Morgan Tsvangirai given a hero’s welcome after being sworn in

heros_welcome.jpgOpposition supporters at a rally after their leader, Morgan Tsvangirai, was sworn in as Zimbabwe's Prime Minister
After a decade of bloodshed, sacrifice and suffering, Zimbabweans erupted in joy and jubilation — emotions almost extinct after 29 years of Pres

Hours after the ceremony that broke Mr Mugabe’s long monopoly on power
a huge and euphoric throng poured into a stadium in Harare to hail the
man to whom they are looking — perhaps prematurely — for liberation
from so much hunger, violence and repression. They sang, danced and
brazenly flaunted the Movement for Democratic Change (MDC) hats and
T-shirts that they would have kept well hidden before yesterday. They
roared their approval as Mr Tsvangirai promised the food, jobs and
political freedoms that they have been denied for a generation.

For too long our people’s hopes for a bright and prosperous future
have been betrayed, he declared, in a speech that was a stinging
indictment of Mr Mugabe’s disastrous record. Instead of hope their
days have been filled with starvation, disease and fear. A culture of
entitlement and impunity has brought our nation to the brink of a dark
abyss. This must end today.

The huge, exuberant rally offered a stark contrast to the joyless
ceremony at State House hours earlier, where Mr Mugabe had sourly
administered the oath of office to the man whom his thugs have
repeatedly beaten, imprisoned and attempted to assassinate.

It was an electric but icy encounter. The two men never smiled, barely
looked at each other and exchanged only the briefest of handshakes.
Grace Mugabe, the President’s wife — who vowed during last year’s
disputed elections that Mr Tsvangirai would never step [sic] foot in
State House — pointedly shook the hands of his two deputies after they
were sworn in but not the new Prime Minister’s.

Mr Mugabe’s body language gave the lie to his rhetoric. I offer my
hand of friendship and co-operation, warm co-operation and solidarity
in the service of our great country Zimbabwe, he told the small,
invited audience. If yesterday we were adversaries … today we stand
in unity. It’s a victory for Zimbabwe.

Just as the event at the stadium was in effect an MDC victory rally, so
the inauguration was stage-managed by Zanu (PF) to demonstrate that Mr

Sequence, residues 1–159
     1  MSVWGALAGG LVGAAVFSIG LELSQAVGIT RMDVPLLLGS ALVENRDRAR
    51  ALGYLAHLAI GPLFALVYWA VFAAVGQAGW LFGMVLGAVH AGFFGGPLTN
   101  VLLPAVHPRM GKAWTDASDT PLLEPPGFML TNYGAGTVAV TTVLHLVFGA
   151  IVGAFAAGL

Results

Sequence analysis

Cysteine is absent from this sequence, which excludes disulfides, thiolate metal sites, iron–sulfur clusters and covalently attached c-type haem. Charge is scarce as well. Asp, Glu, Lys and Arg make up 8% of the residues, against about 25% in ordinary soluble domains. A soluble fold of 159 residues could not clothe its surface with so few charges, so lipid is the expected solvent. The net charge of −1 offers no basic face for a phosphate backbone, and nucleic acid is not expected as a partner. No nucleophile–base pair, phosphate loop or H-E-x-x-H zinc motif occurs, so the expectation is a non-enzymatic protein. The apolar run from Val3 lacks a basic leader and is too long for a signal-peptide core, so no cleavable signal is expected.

Mugabe was still in charge. The generals who enforce Mr Mugabe’s
violent rule stayed away so that they would not have to salute the new
Prime Minister and state-controlled television and radio failed to
broadcast his inaugural speech. The invocation was delivered by Nolbert
Kunonga, the former Bishop of Harare, who is known as Mr Mugabe’s
bishop and who was defrocked by the Anglican Church.

Thokozani Khupe, an MDC stalwart sworn in as one of Mr Tsvangirai’s two
deputies, offered a gesture of defiance when she took the oath with the
fingers of her uplifted hand splayed outwards in an MDC salute.

Though subdued at the inauguration, Mr Tsvangirai came alive at the
subsequent rally and made promises that startled Western observers. In
an attempt to win over the disgruntled security forces he pledged that
all soldiers and policemen, as well as teachers and health workers,
would be paid in foreign currency from the end of this month. In return
he asked that all striking public sector workers return to their desks
and all schools reopen on Monday. Western diplomats said that they had
no idea where the bankrupt Treasury would find the funds.

We are opening a new chapter for our country, Mr Tsvangirai said, as
he appealed for national healing and identified his three priorities as
democratisation, ending the humanitarian crisis and stabilising the
economy.

He vowed to create a country free of political violence — the
knobkerrie [club] in the back of the head must end today. He promised
a Zimbabwe where people could associate and express themselves freely
without fear of reprisal or repression. He pledged a land where jobs
are available for those who wish to work, food is available for those
who are hungry, and where we are united by our respect for the rights
and dignity of our fellow citizens. He promised to restore a free
media, the rule of law and Zimbabwe’s devastated agricultural sector.

Mr Tsvangirai will face an immense task keeping those promises, given
the enormity of Zimbabwe’s problems. Seventy per cent of the population
depend on international food aid, 94 per cent are unemployed, the
country is ravaged by cholera, its currency has been destroyed by
hyperinflation and its industries and farms are moribund. We will need
help from the international community, and I ask them to engage with us
to rebuild our nation, Mr Tsvangirai said.

The West is very wary of providing finance to rebuild Zimbabwe while Mr
Mugabe remains in office, and for all Mr Tsvangirai’s bold rhetoric it
was clear that the President remains a huge obstacle to reform. The
fate of 30 political detainees has become a litmus test of Mr Mugabe’s
true intentions. Mr Tsvangirai had made their release a condition of
him entering the unity Government but last night they remained behind
bars.

David Miliband, the Foreign Secretary, issued a cautious statement
saying that Mr Tsvangirai’s appointment offered the possibility of a
change for the better. He said that the delivery of international
reconstruction aid would depend on the unity government immediately
releasing the detainees and demonstrating a commitment to economic
stabilisation, restoring the rule of law, respecting human rights,
repealing repressive legislation and holding timely and free elections.

Times online

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